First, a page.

Forum addresses town center future

Kathleen McCabe declared “Walpole has spending power” while dissecting how to bring more business downtown.

By James Kinneen
Hometown Weekly Reporter

On Tuesday night, McCabe Enterprises and the Pare Corporation presented the findings of their study on economic development and parking in Walpole Center. Funded by a $20,000 community compact grant, the study sought to determine how downtown Walpole could be made more attractive to future generations, while recognizing current and possible parking and road issues.

Essentially, the study (which was initially delayed so it would include students going to school) found that Walpole is still a car-centric community dependent on public parking downtown, but that this needs to change.

Kathleen McCabe educated town business owners and citizens on the fact that due to the rise of online shopping, downtown businesses must shift from being transaction-based to experience based.

“Stores are shrinking because of the internet,” explained McCabe. “The growth of e-commerce is changing the types of stores that thrive downtown, so that there needs to be more of a focus on food, social gatherings and created experiences. A wine store might have a tasting so that it creates an experience, not just a transaction. Now if you only want a commercial interaction, you just go online.”

McCabe further spoke of young peoples’ desire for more walkable cities. After citing a graph of neighboring towns’ walkability ratings, she was quick to point out that walkability is a serious aid to modern businesses, not a nice thing to have to appear environmentally friendly. While residents expressed concerns over how many new residencies were being developed and how that would impact future parking, McCabe noted that younger people tend to drive far less than older generations, preferring walking or using ride-sharing apps like Uber and Lyft.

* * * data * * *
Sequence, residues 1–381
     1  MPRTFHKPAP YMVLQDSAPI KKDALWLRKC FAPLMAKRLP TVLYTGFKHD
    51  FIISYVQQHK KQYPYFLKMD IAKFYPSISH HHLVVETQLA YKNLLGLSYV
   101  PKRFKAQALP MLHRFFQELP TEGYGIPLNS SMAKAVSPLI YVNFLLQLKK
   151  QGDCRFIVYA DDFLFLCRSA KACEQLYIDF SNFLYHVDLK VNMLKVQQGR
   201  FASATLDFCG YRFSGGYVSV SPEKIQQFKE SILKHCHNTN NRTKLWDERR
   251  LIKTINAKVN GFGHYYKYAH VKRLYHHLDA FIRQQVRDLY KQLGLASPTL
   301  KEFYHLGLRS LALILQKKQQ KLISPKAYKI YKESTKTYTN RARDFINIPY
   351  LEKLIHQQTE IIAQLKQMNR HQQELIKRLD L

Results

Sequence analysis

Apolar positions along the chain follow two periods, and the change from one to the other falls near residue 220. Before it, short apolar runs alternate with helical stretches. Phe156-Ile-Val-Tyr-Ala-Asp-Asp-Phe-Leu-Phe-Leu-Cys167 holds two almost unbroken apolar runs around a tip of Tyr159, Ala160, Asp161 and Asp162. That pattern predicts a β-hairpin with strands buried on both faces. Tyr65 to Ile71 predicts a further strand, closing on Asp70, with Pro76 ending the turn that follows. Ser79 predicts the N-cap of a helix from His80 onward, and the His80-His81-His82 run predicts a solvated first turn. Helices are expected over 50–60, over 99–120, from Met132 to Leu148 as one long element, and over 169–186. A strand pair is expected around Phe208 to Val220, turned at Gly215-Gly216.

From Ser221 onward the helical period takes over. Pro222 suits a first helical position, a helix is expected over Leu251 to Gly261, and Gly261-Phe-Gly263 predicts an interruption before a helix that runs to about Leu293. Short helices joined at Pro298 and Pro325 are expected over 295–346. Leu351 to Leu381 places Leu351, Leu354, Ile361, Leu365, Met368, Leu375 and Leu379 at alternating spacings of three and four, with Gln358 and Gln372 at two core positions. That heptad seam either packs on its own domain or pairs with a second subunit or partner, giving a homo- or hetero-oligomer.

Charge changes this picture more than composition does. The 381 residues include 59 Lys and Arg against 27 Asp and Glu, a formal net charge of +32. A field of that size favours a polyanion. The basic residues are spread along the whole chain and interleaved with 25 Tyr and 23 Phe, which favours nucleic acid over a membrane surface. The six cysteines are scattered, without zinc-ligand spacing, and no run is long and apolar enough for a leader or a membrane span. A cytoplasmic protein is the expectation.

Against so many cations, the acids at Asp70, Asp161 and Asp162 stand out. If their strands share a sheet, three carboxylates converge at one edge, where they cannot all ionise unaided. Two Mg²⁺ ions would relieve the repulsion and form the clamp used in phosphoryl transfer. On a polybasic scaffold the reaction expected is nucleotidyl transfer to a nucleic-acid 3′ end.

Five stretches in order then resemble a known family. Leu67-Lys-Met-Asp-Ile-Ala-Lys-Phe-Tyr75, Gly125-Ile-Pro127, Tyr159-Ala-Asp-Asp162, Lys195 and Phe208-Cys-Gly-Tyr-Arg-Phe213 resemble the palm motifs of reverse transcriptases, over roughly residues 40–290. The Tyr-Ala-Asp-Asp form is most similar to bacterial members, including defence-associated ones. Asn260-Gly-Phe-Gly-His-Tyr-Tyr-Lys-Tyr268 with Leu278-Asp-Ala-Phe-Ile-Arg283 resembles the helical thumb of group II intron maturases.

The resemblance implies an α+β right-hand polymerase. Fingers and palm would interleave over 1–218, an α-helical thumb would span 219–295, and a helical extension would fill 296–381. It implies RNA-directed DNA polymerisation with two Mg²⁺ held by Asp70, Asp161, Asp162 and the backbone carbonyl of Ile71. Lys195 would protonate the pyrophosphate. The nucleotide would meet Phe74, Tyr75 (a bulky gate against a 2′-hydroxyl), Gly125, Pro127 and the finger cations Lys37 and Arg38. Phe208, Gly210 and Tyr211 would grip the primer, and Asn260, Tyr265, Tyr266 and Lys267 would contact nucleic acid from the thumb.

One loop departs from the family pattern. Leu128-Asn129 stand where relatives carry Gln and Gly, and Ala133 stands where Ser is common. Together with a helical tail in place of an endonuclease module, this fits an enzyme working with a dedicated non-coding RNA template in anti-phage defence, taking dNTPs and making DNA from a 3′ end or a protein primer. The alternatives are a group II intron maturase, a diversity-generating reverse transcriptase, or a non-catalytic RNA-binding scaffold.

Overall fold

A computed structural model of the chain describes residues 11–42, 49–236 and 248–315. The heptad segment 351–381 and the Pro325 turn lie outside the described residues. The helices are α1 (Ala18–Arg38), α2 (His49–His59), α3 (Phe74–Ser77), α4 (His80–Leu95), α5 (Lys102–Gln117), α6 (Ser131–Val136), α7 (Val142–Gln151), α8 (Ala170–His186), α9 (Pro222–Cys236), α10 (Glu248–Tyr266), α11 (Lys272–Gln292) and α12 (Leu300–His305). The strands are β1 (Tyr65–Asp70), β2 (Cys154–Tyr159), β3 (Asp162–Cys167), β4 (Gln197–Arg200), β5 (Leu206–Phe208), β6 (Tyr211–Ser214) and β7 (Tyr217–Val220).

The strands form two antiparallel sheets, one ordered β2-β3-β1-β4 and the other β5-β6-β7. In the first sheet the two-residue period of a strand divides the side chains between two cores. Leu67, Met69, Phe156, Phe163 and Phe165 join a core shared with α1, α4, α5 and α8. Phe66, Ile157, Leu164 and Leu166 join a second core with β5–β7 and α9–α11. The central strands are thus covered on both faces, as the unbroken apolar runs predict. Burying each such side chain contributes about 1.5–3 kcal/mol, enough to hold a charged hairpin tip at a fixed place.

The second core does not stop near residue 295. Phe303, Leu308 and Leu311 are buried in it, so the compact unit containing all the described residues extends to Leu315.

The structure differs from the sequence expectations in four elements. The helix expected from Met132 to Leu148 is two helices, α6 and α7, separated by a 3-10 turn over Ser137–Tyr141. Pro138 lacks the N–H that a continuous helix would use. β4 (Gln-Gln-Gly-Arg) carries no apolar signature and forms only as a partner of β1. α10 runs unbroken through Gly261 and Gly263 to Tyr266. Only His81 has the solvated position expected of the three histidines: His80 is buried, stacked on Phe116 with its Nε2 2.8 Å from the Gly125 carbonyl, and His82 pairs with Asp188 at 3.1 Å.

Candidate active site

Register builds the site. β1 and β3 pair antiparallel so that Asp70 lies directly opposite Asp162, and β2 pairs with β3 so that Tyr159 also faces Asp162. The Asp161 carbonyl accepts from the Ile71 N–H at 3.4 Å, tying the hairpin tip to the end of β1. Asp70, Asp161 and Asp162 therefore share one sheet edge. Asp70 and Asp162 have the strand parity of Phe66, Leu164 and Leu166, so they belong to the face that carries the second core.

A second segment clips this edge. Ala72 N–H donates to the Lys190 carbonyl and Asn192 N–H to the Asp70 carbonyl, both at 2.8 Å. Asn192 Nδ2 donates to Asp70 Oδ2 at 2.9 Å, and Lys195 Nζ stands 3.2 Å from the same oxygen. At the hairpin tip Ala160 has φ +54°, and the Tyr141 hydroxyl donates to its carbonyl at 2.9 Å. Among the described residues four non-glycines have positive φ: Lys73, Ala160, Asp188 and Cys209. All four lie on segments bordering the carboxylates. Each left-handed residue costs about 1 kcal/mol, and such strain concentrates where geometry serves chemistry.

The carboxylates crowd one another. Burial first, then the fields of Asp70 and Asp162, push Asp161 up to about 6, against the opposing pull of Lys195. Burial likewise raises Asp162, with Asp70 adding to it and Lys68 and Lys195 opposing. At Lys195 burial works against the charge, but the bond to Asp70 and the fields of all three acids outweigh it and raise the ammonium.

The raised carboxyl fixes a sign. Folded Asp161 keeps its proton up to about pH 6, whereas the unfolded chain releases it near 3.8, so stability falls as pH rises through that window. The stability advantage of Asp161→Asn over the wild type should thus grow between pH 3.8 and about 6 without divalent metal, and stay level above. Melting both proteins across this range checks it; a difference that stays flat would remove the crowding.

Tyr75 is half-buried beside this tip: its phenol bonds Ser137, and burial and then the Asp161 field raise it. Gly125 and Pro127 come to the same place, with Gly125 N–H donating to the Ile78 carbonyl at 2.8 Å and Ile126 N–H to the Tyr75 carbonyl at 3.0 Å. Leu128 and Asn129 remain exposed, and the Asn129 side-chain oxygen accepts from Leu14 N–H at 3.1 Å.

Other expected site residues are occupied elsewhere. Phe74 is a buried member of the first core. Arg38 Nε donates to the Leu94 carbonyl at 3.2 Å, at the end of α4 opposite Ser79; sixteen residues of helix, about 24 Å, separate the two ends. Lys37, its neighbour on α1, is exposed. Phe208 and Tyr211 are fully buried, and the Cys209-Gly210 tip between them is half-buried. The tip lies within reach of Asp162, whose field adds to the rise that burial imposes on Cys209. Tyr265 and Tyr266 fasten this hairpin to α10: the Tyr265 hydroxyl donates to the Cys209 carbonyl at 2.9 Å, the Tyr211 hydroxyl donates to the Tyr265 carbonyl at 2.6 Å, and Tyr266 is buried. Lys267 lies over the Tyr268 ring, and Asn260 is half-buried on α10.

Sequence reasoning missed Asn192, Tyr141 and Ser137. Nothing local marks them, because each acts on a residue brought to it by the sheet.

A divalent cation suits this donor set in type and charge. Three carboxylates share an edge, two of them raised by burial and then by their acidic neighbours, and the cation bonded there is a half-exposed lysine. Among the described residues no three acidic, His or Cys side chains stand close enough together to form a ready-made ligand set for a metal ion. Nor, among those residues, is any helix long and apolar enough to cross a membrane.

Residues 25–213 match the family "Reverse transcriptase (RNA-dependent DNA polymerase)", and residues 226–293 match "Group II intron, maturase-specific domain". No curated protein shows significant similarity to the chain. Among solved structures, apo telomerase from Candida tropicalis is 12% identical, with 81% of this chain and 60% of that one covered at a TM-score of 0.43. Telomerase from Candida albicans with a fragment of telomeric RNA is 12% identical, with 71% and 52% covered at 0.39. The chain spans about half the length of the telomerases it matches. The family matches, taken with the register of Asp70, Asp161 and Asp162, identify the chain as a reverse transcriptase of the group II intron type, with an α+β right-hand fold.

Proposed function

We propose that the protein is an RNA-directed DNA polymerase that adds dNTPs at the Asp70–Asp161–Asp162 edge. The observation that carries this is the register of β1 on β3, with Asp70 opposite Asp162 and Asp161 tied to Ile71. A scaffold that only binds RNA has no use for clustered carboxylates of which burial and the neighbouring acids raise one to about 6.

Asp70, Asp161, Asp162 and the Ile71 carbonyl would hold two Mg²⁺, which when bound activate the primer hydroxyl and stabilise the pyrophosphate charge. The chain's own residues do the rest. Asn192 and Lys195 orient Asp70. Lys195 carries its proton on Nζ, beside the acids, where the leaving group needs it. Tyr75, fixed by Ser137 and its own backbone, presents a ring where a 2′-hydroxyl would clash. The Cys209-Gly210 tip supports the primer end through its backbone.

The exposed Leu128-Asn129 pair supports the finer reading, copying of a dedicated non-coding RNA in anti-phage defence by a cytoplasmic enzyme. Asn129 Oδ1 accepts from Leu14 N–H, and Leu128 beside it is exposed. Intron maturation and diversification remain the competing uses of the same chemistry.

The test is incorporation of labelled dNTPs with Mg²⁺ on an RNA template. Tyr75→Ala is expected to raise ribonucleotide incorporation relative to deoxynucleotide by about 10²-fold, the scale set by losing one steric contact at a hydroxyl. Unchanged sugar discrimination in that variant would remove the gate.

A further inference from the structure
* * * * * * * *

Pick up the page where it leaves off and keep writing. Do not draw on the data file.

Townspeople marked current problem areas with a red pin, revealing an obvious consensus.

Townspeople marked current problem areas with a red pin, revealing an obvious consensus.

But she also acknowledged there are many simple improvements that could lead to better parking downtown. While their study showed there are often many available parking spots, it seemed clear that people were having trouble finding them. Simple fixes, like better street signs, might thereby limit the number of cars driving slowly and clogging the streets. Another idea suggested that if street lighting were better, people might be more willing to park further away; this idea is supported by the number of drivers who do so when the downtown area puts up its holiday lighting. One resident pointed out that the town fire department had a what he considered an unnecessary 33 spots dedicated to their employees.

Other improvements might take more work. When discussing the downtown area’s vacant lots, McCabe noted that vacant lots present a challenge, as there are no other businesses to piggyback off of, and that these days, small business owners want lots that are ready to be moved into immediately. Right now, many of the empty lots in downtown Walpole are simply not ready for occupancy.

The man who hired McCabe and Pare, Community Planning Director John Charbonneau, had worked with the company in the past and offered his own suggestion based off his time in other towns. “We have to start looking at the odd-shaped lots, the conical lots, maybe think about doing some lot sharing,” he said. “All the easy lots are taken, so businesses are going to have to get creative.”

While Charbonneau was talking about parking, the idea rings true for much of the future of downtown Walpole. In order to adapt to the future, towns need to shift from being car-based to more walkable, and stores need to move from transaction-based to experience-based.

To accomplish that, town governments and business owners are going to need to get a little bit creative.

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